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Kohli is full of pride after Dhawan's ton inspires India victory

 

Big hitter: India’s Shikhar Dhawan on his way to a superb century
Big hitter: India’s Shikhar Dhawan on his way to a superb century

By Rory Dollard

Shikhar Dhawan's composed century drove India to a 36-run World Cup win over Australia where captain Virat Kohli and veteran Mahendra Singh Dhoni both played peacemaker.

Dhawan's 117 steered India to 352 for five, their fourth-highest World Cup total, with Bhuvneshwar Kumar claiming three wickets for 50 runs and Jasprit Bumrah three for 61 as Australia were dismissed for 316.

Aaron Finch's men never threatened the record World Cup chase required for victory, even though Steve Smith mustered 69 and David Warner 56.

India skipper Kohli posted a punchy 82 and also ordered his fans to stop booing Australia's Smith, who is still receiving abuse about his now-served ban for ball tampering.

Kohli said: "A top, top win for us - especially after losing the series (against Australia) in India. We had a point to prove. They are playing really good cricket in the two games.

"We came with intent. The opening partnership was outstanding, I got runs, Hardik got runs, MS. It was the perfect game for us. We were very professional again and that pleases you again as a captain."

Australia captain Finch reflected: "They got 120 runs off the last 10 overs which is a lot. We didn't bowl our best stuff and struggled to get wickets early on.

"I think it being a used surface didn't help with the new ball, there wasn't a huge amount on offer. But we could have been a bit straighter, that's tough because you want to get wickets early as they bat very deep.

"It was just one of those games, they just outplayed us."

Former captain Dhoni knocked 27 from 14 balls in a neat cameo, but gained most attention for keeping wicket without the Indian army dagger symbol on his gloves.

India's wicketkeeper was reprimanded by the International Cricket Council (ICC) for wearing the army insignia during the opening World Cup win over South Africa, and warned not to display the symbol again.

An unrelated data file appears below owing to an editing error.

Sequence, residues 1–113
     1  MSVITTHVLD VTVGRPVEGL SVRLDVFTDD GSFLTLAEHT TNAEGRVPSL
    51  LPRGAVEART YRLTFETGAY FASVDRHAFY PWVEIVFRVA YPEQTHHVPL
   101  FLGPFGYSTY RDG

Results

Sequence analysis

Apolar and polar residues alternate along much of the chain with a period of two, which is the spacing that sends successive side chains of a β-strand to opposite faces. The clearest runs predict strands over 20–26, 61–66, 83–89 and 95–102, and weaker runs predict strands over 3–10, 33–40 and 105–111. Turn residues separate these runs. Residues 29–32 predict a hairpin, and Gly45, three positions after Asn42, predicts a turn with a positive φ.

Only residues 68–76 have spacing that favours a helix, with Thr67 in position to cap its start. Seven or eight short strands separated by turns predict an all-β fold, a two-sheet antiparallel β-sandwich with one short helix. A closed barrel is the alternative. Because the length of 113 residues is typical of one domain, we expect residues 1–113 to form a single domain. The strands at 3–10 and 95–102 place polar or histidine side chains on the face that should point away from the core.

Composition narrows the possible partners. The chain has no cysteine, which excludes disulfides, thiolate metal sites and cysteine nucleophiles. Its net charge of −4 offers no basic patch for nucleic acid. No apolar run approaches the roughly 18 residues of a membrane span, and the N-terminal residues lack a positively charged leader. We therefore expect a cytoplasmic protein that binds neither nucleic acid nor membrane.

Dhoni is an honorary lieutenant colonel of India's territorial army and so enjoys the privilege of sporting the symbol on his kit. But the 37-year-old opted to avoid a collision course with tournament chiefs at The Oval, removing that army livery from his gloves in the field.

The controversial 'Zing' bails failed to fall for the fifth time in the tournament too, Warner getting the break despite playing Bumrah onto his own stumps.

The ICC insist the light-up bails do not even weigh as much as the heavy bails regularly used in high winds. But the frequency of stumps being hit without bails falling has confounded many top players and observers.

Bumrah pressed on undeterred however, claiming the timely wicket of Usman Khawaja in another fine seam bowling performance.

India's second successive win in the competition forced Australia into a first defeat in their third match.

Rohit Sharma backed up his unbeaten 122 against South Africa with a smart 57, as India racked up a sizeable score without ever truly cutting loose at the crease.

Kohli's 82 means he now boasts 91 scores of 50 and higher since his 2008 ODI debut, with Kumar Sangakkara the next closest with 66.

The superstar skipper's powers even apparently extend to conducting India's fervent fans.

The Indian followers dished out heavy boos to former Australia captain Smith when he went to field on the boundary.

India's captain knew immediately what the fuss was about, waving at the supporters and ordering them to clap instead. They responded to his appeal.

Smith thanked Kohli on the field for the gesture, and this proved to be a match played in the right spirit.

Meanwhile, Kagiso Rabada is hopeful South Africa can draw a line under a desperate past couple of weeks as they look to reignite their World Cup charge against the West Indies in Southampton.

Three successive defeats have left the beleaguered Proteas in the last chance saloon, with another setback almost certain to rule them out of contention for the knockout stages.

"It's a bit of a weird stage in terms of for the Proteas and cricket in South Africa," said Rabada. "We've been playing good cricket so, hopefully, in this tournament, we can do more of the same.

"There's been a lot happening off the field and we're just looking to clear that out of our heads. But it's been enjoyable."

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